Masai Ujiri: ‘Turning a losing team into NBA champions’
Forty-nine-year-old Masai Ujiri is the miracle-working basketball executive, who turned a losing Toronto Raptors team into 2019 NBA champions.
Born in Bournemouth England and having been raised in Nigeria, Masai narrates his success as a tale of luck, obviously struggling to accept and relish his victory as a coach.
Growing up, Masai had very little interest in basketball because the focus of the nation was on soccer. But when he started spending more time on the court shooting hoops and getting fascinated with the game, Ujiri knew he wanted to actively get involved.
Following his passion, Ujiri competed in the European circuit, playing competitively in England, Belgium, and Germany amongst other countries, but says he never felt good enough as a player, and instead, chose to try coaching.
His impeccable talent identification skills landed him a scouting role in 2002, but to this meant he had to work for free for the Orlando Magic, since he was now starting a new career.
“Everybody would go up to their five-star hotel and I would sneak to my $20-a-night motel,” he said. This did not last long anyway as he hit it big time and was soon earning enough to sleep in these 5-star hotels himself.
He signed a $3 million, five-year deal as the president of basketball operations at the Raptors in 2013, returning to the franchise after a previous stint as director of global scouting in 2007, where he was swiftly promoted to assistant general manager within one year.
Ujiri has managed to cultivate a winning culture in a team that just won its first-ever championship, helping end the Golden State Warriors’ dynasty with a 4-2 winning series in the NBA Finals earlier this summer.
Speaking with the Business Insider, Ujiri, now one of the most renowned figures in basketball used the word ‘luck’ 12 times in his interview.
Accepting a job at the Raptors in 2013, for example, wouldn’t be regarded as lucky for many, because for 10 of the previous 11 seasons before Ujiri joined the franchise, the Raptors had a win/loss success rate that was sub .500.
“When I looked at Toronto … I could see the potential of what a good team could look like there. Whether that was the fanbase, the following, the coverage, the people, the ownership, the city — it’s beautiful, and has diversity.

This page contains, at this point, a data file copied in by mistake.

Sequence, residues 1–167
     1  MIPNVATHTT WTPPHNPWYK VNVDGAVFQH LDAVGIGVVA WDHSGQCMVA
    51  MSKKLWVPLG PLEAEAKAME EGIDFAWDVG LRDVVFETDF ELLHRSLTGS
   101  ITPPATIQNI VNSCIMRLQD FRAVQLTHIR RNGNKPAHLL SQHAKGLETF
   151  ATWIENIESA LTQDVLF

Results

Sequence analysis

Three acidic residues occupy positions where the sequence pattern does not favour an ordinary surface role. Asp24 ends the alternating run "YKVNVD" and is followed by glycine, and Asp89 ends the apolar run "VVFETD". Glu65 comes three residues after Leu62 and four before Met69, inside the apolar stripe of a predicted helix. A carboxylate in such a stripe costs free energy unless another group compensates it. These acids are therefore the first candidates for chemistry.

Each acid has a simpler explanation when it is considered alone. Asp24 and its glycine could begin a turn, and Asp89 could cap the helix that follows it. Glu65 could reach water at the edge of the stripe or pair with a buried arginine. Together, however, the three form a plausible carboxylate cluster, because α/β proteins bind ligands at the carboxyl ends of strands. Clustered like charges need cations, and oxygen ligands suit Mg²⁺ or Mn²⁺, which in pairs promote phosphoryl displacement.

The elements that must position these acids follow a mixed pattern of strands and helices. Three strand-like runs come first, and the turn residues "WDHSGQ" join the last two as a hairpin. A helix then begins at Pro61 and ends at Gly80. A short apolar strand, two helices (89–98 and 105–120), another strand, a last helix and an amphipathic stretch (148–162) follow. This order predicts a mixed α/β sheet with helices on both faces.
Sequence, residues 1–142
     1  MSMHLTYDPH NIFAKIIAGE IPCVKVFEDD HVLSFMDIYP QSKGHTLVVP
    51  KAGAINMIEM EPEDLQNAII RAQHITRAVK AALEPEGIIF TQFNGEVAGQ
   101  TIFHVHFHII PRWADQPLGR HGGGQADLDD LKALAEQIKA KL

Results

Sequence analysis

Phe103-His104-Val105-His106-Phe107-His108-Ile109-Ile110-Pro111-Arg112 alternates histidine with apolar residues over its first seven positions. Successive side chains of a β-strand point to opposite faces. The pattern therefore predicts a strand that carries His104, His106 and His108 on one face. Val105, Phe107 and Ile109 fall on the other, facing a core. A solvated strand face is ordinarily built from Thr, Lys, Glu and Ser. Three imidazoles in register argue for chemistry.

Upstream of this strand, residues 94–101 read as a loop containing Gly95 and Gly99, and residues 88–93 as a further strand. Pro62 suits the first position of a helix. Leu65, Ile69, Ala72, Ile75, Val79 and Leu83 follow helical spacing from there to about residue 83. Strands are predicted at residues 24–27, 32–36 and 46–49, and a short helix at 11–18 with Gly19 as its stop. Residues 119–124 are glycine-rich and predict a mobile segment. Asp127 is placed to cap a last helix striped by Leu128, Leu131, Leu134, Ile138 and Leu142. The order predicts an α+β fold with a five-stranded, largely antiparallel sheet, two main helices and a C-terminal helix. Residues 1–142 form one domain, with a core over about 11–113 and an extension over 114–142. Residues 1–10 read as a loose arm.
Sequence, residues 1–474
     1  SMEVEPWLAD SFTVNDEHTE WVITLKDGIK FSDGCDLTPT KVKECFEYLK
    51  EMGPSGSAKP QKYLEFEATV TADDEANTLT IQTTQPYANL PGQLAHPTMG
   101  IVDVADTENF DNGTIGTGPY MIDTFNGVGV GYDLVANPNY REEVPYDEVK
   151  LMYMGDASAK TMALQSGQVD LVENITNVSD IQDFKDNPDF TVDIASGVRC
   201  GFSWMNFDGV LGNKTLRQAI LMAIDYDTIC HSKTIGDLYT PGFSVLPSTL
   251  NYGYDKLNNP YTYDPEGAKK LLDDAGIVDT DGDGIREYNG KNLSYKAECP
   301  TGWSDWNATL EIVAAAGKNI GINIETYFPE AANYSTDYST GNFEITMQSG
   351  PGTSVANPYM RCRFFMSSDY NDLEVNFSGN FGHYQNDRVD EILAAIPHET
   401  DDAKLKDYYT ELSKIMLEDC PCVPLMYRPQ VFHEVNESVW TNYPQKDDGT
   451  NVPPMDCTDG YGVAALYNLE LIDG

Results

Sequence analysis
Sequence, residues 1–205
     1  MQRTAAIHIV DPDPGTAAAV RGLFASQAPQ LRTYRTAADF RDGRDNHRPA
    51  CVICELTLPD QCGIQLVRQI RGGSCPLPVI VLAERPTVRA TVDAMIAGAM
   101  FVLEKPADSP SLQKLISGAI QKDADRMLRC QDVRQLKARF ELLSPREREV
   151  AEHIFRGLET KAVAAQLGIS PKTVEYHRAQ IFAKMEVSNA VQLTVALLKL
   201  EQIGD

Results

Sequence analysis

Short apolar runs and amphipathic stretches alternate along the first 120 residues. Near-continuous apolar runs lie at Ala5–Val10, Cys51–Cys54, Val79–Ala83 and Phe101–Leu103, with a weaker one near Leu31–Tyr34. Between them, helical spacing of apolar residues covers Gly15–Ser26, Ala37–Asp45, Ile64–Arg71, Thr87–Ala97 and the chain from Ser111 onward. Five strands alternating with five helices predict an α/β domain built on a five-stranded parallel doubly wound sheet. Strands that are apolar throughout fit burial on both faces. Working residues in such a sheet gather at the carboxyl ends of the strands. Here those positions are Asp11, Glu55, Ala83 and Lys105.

“The potential was huge, it ticked every single box, but the only thing we didn’t have was winning. So how do you build that brand? How do you win?
“You come in with a vision of how to start again,” he said. “Of bringing in players and bringing in a team that is going to be attractive to the market. That’s what we tried to do at the time.”
Recruiting defensive talent
Relying on his own skills as a scout, Ujiri teamed up with an existing scouting team he oversaw to search for and bring to Toronto board unheralded, overlooked, and underappreciated athletes.
“Scouting is my background. I still do it as much as I can. It was one of the keys to how I grew up in the NBA. It’s something I just take pride in.
My team of guys are so good at travelling around the world and finding talent. Sometimes it takes luck, and sometimes you have to be in the right place at the right time.”
Cameroonian forward Pascal Siakam, was one of Ujiri’s significant talents. He joined the Raptors in 2016 and developed into a potential All-Star player within three years because of his energy and ability at both ends of the court.
The Raptors were said to have a better chance of winning a game, by the NBA when he was on the team than when he was away. He became the team’s driving force — which is not bad going considering he was a 27th overall pick in the 2016 Draft.
“With Pascal Siakam, obviously the African background helped quite a bit … but it’s all him. It’s all him becoming the player he has become. All we did was have a spot and drafted him at 27. Not many people could tell. Did we know his potential was this high? I don’t know … but you could see he had a feel, a passion, and a drive that is different to everybody else.
The one thing I say about African kids is that sometimes we come and we just want to be role players … he came in and wanted to be a star. That was his goal, to be a star, and to win the league. And that’s what he has shown.”
Siakam was not the only defensive recruit Masai brought on who was making waves, Marc Gasol, the 7-foot-1 Spanish centre was also definitely pulling his weight on the team after he joined in the middle of the season.
“I was really wary about mid-season trades because the team needs a training camp, you need to prepare, and you need to come together. But he is just one of those guys who is smarter than most. He can adapt so easily, is such a selfless person, and an unbelievable human being.